T for Tom

An Open Letter

Posted in Prose, Trying To Get Published, Uncategorized by johnsontoms on July 26, 2017

An open letter to my parents, their friends, and strangers like them:

Did all your dreams come true? Do you have everything you’ve ever imagined and more? I imagine you must be sitting there in a broad, window-lined living room, a small dog at the foot of your lounging sofa, the room dimly lit with ornate lamps, the spaces filling with the sound of Sinatra and a crackling fire while you or your spouse finish cooking in the kitchen where all the countertops are marble and the stove is electric. Somewhere in the garage are two SUVs and a stable of camping equipment for the many vacations you’ve taken and the many more you plan, miles of American highway that never stand in your way from the time away with your family. You return, you always do, because of the obligations of work and family, and spend the days in between your weeks alternately going to work and walking into church. The pension is growing, and there’s no need to worry when the boy and girl both need football equipment for their summer teams (soccer for the little girl, of course) because you’re on track for your third promotion and should have yourself set up quite nicely by the age of 55. No, nothing else could be needed.

Is that why you won’t let us have anything? Are you sitting there in that living room right now thinking, no, there’s nothing else the world could have or do, and so I will do everything I can to keep it just this way? Because I can’t think of any other reason to support the ideas, policies, and moral politics of a corrupt body that willfully, purposefully, and cruelly works to malign, injure, and put to death millions of people swiftly and at once.

If you are sitting there comfortably on your way to a rich retirement (and I don’t think you are), how did you get there? I believe you had opportunities, plural, rich opportunities in a world with less competition – when an entire race (or many entire races), gender, and age group are not allowed to gain employment in the only few sectors that pay salaries commensurate with a single family’s needs, do you feel that you fairly competed for the things you enjoy? Do you think that you got to that home, the two vehicles, and the recreational time by being treated equitably? If you think it’s been fair, you should look around. It hasn’t been, has never been fair, but the world is not ready to quit changing.

I have a strange fear, a real deep fear, that I’m wrong – you aren’t sitting there with a book in hand, staring out the windows at the light snowfall, dreaming of your upcoming beach vacation. You’re standing over the work desk, driving a truck cross-country, tossing boxes into the delivery truck, loading fish from the dock, or chopping trees. When you’re done you head home to a two-bedroom house with a five-member family, a kitchen without a stove, and only one car to drive the family. Worse, no car. Your marriage is tense because the bills are paid paycheck-to-paycheck while the children beg for more. Worse, no bills are paid and the children are still begging. And to top it all off, you remember sitting there in your parents living room – that same one I imagined for you – where the Christmas tree is lit, the presents stocked underneath, and you wonder why you don’t have the same. And worse, in your wondering, you believe the best way to get it is by getting back to that world where it seemed so possible – the world where everyone else (those weirdos with their dark skin and gay lovers and young punk hair) are stifled, put back in their place.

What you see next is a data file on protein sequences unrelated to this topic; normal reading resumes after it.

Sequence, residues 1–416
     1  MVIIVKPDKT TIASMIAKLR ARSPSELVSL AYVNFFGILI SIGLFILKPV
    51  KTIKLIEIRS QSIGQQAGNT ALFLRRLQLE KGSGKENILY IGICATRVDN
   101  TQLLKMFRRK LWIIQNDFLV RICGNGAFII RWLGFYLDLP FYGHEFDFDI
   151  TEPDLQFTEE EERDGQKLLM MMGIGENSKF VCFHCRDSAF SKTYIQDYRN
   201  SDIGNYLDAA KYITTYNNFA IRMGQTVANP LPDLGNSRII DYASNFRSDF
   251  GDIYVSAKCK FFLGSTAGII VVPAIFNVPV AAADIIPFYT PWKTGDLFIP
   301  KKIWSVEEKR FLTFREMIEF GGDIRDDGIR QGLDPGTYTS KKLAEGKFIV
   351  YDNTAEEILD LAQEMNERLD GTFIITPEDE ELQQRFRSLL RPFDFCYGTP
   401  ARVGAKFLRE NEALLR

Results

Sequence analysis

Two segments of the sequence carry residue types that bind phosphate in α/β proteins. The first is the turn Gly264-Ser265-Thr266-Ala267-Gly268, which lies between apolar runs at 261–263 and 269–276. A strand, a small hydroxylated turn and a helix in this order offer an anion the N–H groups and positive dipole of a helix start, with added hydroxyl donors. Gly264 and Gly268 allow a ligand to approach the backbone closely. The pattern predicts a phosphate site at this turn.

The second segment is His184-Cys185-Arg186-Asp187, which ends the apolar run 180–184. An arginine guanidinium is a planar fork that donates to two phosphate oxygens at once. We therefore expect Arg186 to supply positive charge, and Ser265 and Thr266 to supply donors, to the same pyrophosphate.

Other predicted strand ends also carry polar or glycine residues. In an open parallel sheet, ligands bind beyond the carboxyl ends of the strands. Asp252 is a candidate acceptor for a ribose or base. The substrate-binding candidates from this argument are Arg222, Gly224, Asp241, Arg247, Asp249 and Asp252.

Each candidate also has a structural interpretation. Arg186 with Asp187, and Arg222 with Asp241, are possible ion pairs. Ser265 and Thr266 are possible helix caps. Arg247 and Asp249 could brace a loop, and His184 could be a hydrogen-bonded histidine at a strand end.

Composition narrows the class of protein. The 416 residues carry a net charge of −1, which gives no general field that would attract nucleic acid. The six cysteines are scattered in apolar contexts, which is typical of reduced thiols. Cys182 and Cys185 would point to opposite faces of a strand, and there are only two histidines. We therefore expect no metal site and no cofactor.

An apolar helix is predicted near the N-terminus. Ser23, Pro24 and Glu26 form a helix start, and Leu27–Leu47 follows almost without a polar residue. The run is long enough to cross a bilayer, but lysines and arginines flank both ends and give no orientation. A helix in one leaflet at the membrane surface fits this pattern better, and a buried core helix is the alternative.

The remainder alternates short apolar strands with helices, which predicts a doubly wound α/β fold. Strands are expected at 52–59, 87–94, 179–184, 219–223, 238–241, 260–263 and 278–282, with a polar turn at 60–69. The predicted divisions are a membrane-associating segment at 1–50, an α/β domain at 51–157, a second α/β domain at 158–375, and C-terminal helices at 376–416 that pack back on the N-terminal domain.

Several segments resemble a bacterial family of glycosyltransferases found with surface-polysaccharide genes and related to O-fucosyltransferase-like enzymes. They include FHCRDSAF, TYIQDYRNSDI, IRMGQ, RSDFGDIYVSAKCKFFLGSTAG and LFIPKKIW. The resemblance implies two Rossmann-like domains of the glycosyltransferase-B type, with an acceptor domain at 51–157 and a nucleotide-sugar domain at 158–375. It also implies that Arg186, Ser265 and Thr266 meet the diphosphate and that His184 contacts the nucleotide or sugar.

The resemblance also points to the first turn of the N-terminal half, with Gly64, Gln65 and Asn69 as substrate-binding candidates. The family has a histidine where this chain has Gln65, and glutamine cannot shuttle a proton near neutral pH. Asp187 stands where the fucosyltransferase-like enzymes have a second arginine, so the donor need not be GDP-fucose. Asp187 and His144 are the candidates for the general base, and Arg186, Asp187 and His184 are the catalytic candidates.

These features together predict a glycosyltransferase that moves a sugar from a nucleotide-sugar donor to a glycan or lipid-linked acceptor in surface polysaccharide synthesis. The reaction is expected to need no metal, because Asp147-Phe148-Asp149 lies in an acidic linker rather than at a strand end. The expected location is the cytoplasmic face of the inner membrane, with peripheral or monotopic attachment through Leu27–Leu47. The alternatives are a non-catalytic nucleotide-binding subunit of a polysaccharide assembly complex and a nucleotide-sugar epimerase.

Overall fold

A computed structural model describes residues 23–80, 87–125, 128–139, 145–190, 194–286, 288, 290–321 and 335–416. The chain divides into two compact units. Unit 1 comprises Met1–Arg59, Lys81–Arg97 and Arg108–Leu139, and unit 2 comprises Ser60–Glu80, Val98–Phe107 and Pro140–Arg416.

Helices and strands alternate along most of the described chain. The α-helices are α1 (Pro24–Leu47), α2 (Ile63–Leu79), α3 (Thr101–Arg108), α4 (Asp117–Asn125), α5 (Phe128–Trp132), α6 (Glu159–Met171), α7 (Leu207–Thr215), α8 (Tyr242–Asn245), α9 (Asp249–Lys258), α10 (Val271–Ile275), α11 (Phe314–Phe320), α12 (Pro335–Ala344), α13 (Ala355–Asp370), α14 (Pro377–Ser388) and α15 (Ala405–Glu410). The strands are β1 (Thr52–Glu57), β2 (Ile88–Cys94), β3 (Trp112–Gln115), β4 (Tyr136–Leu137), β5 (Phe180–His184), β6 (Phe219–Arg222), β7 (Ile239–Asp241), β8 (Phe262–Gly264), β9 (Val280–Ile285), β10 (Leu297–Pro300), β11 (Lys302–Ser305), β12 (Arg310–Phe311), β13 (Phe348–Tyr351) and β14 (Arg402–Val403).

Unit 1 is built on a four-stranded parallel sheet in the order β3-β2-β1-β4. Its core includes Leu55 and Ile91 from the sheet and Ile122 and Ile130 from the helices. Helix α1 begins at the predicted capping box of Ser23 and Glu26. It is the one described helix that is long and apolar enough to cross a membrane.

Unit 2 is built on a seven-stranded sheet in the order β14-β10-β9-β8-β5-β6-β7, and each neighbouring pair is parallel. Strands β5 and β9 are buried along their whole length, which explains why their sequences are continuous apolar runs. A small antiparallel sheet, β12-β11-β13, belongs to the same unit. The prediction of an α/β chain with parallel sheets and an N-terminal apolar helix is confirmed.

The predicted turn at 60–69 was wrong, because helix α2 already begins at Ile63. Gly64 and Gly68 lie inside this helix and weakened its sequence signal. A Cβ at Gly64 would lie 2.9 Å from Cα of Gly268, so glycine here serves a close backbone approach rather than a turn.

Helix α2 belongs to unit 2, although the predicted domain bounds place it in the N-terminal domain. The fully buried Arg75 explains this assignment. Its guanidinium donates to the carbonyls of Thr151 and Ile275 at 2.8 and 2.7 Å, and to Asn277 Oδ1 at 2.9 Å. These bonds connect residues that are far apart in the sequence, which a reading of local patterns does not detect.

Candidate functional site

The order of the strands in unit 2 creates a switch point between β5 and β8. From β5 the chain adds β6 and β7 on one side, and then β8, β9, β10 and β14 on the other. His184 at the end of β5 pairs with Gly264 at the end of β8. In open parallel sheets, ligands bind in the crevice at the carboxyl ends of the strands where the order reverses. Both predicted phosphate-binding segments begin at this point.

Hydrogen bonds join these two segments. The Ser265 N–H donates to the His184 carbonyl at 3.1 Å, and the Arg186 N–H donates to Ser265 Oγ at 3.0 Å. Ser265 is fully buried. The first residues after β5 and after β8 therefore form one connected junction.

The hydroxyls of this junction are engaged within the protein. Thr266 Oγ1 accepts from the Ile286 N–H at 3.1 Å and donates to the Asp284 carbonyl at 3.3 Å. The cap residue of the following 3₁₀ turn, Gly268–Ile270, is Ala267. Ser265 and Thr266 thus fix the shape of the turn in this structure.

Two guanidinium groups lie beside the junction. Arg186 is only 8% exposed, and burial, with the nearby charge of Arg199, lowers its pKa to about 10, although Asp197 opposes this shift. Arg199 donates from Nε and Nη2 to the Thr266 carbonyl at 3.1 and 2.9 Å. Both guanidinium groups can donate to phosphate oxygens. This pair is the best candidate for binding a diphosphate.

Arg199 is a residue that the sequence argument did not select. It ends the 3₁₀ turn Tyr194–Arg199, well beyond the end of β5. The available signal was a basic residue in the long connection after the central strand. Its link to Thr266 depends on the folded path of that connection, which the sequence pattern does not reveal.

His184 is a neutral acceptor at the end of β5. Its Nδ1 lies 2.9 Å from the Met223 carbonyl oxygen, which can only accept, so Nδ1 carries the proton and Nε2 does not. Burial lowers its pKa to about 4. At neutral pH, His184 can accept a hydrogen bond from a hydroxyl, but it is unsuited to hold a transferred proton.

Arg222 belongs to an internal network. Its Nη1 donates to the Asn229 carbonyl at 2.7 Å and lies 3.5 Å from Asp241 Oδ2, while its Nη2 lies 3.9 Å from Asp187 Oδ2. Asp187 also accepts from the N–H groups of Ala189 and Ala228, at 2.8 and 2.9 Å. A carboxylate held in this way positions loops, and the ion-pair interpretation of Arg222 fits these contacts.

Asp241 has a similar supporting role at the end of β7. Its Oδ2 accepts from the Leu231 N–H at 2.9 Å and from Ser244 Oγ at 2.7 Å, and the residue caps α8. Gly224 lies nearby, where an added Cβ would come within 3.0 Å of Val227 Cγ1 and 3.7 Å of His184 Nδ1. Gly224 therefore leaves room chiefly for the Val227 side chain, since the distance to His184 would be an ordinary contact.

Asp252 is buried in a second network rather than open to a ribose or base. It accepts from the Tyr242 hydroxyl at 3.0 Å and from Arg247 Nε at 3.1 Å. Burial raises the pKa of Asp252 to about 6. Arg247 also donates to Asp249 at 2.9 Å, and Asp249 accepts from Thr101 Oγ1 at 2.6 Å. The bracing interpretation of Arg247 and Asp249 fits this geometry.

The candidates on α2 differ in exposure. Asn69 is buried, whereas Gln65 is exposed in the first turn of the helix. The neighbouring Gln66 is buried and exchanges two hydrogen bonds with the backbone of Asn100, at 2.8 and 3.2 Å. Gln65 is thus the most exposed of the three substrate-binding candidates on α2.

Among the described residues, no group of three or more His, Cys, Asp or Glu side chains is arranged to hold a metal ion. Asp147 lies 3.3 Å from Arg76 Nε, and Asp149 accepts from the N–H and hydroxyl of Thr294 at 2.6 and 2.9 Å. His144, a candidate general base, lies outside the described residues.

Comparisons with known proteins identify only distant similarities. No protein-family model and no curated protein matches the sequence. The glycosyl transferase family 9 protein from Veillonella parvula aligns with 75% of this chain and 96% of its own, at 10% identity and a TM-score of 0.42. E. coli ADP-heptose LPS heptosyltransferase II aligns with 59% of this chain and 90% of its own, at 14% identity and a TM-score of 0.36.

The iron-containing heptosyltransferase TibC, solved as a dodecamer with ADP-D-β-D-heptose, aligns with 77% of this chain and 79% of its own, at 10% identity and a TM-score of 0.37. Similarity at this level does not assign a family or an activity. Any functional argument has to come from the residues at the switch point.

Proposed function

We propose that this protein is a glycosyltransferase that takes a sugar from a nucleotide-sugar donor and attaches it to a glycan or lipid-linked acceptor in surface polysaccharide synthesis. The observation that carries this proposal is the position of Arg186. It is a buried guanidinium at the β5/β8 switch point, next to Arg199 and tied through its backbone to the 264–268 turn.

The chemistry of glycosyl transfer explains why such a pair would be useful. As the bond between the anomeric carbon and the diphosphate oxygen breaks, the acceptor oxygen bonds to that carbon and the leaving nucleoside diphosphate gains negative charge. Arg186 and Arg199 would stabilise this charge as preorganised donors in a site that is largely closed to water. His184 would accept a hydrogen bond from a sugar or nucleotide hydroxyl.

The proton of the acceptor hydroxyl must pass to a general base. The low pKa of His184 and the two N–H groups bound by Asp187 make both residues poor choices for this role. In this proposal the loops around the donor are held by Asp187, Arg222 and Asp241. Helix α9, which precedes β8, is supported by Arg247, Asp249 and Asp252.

I wish that wasn’t the case. I wish you had the open-ceiling sunroom, afternoon sky gently illuminating your cocktail hour. I wish you had the trim garden outside with the veranda where you entertain your guests, telling jokes about the 18th hole. I wish you had the dreams of your fathers fulfilled just as they imagined for you. Because it would mean that these things were possible, in spite of the immigrants and the homosexuals and the millennials.

Because the immigrants and the homosexuals and the millennials aren’t going anywhere. This is their world to inherit. You and your friends have held on longer than usual, the benefit of growing medical science. There is reason for grievance – at the age now where you’ve either secured the healthcare you need through riches, or by simply living long enough to own state-funded Medicare, your choices and decisions and feelings about others (everyone else) is that they don’t deserve it. It might be even worse. Maybe you know they deserve it, too, but because you can’t think of a way for both of you to have it, you’ll selfishly deny them to keep your own. I can think of a few ways, but me and my generation, haven’t been allowed the clout of decision. I just wish it didn’t have to be that way.

I wish I didn’t grow up knowing I’d never have full garage or a mantel trimmed with Christmas stockings. I wish I didn’t grow up making plans to own very little, not even home to call my home, for fear of debt and the subsequent inability to move about. I wish I didn’t have to show up at work worried that my hair might make me seem out of place, or that I’ll never get promoted in time to cover my expenses because the supervisory jobs are held by boomers who never got their retirement. I wish I didn’t have to consciously, deliberately deny myself children because this world can’t sustain any more, or worse, the consequences of war and climate change would keep them from even living a full life. I wish I could sit there, like you wanted for yourself, without a worry in the world.

I am thankful, however, that you raised us in this world. Without the heartache, the unending the debt, the racism, the age discrimination, the wars on your behalf, the political manipulation of women’s bodies, the general diaspora of hate and filth, I wouldn’t be here today wishing you well. I might be just like you, in that living room telling the world to stop growing, stop changing, I like it just the way it was. I am thankful that I am eyes-open to the starving, the slaving, the shaming, the stealing, the warring, and the killing. Because I don’t want that for anyone. And that’s more important than what I do want for even just myself.

There isn’t enough for everyone to have large homes and multiple gas-fueled cars. There isn’t enough for everyone to have retirement funds or closets full of clothes or food for baby or books on the shelf or luxuries upon luxuries. There’s barely enough water on the planet as it is. We’re all just trying to survive. Those of us who suffer are catching on that the good life is an oasis, if not a myth outright. Don’t be so ignorant as to suffer and not yet be aware.